Section Day/Time Location
OL01 Distance Education
SA 255 - Introduction to Social Research (SA) (4)

Explores how sociologists and anthropologists investigate social relations and contexts. Students learn to develop research questions and turn them into research projects. Introduces data collection techniques and related ethical issues, the relationship between theory and research, and other fundamental concepts and issues involved in conducting qualitative and quantitative research. Prerequisite: SA 101 or 150. Quantitative.

Section Instructor Day/Time Location
D100 Nicholas Scott
Tu 10:30 AM – 12:20 PM
BLU 10921, Burnaby
D101 Tu 2:30 PM – 4:20 PM
RCB 5118, Burnaby
D102 We 12:30 PM – 2:20 PM
AQ 5046, Burnaby
D103 We 2:30 PM – 4:20 PM
AQ 2120, Burnaby

and two additional 200 division SA courses designated (A), (S) or (SA).

Lower Division Gender, Sexuality, and Women's Studies Requirements

Students complete 18 lower division GSWS units, including two of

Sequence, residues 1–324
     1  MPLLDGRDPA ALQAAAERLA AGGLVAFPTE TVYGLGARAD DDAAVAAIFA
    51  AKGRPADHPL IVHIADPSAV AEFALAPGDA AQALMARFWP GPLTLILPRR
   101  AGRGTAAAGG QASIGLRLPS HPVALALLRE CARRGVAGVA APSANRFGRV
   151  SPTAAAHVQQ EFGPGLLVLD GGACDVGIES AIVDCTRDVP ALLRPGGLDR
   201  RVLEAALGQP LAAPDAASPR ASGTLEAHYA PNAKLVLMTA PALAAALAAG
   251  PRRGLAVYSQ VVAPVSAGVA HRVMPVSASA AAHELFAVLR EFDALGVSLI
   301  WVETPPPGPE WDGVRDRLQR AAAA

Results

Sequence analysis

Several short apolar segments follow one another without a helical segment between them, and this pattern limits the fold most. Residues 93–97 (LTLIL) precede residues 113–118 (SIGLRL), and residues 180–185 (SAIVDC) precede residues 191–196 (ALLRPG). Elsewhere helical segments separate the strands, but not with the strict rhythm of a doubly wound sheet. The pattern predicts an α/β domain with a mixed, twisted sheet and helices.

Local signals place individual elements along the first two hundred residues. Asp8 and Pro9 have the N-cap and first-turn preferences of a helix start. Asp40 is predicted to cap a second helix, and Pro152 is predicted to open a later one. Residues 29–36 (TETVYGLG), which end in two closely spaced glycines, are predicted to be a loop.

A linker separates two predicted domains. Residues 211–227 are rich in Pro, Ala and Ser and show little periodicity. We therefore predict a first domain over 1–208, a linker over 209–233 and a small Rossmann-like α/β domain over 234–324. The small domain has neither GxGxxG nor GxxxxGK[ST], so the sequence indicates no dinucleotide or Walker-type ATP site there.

GSWS 100 - Sex Talk: Introduction to Contemporary Issues in Sexuality Studies (3)

An introduction to issues in the study of sex, sexual identity, and sexual culture. Focused on contemporary theories of sexuality as well as representations in fiction, film and popular media from diverse cultural contexts. Students who have completed GDST 200 may not complete this course for further credit. Breadth-Humanities.

GSWS 101 - Gender Talk (3)

An interdisciplinary study of the social and cultural construction of gender, and how ideas about masculinity and feminity shape current issues, knowledge, popular culture, and social policy. Students who have completed WS 101 may not take GSWS 101 for further credit. Breadth-Social Sciences.

Section Day/Time Location
OL01 Distance Education
GSWS 102 - Feminist Action (3)

An historical and comparative survey of feminisms and feminist activism in Western European, North American, and Global communities. Students who have completed WS 102 may not take GSWS 102 for further credit. Breadth-Humanities.

Section Day/Time Location
OL01 Distance Education

Upper Division Anthropology Requirements